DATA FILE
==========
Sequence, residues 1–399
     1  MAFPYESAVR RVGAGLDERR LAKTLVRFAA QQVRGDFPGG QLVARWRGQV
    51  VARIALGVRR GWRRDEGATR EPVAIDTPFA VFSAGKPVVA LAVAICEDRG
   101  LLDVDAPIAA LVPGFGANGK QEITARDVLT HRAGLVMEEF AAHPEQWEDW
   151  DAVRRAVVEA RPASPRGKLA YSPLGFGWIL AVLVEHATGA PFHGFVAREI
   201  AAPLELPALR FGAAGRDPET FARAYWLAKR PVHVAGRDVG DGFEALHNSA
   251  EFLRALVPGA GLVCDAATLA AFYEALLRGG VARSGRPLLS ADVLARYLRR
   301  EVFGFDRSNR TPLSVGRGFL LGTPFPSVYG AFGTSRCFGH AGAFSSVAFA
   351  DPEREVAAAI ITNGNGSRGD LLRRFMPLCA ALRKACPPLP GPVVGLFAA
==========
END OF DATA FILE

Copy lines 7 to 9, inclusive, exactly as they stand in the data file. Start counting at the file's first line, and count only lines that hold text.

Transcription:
   251  EFLRALVPGA GLVCDAATLA AFYEALLRGG VARSGRPLLS ADVLARYLRR
   301  EVFGFDRSNR TPLSVGRGFL LGTPFPSVYG AFGTSRCFGH AGAFSSVAFA
   351  DPEREVAAAI ITNGNGSRGD LLRRFMPLCA ALRKACPPLP GPVVGLFAA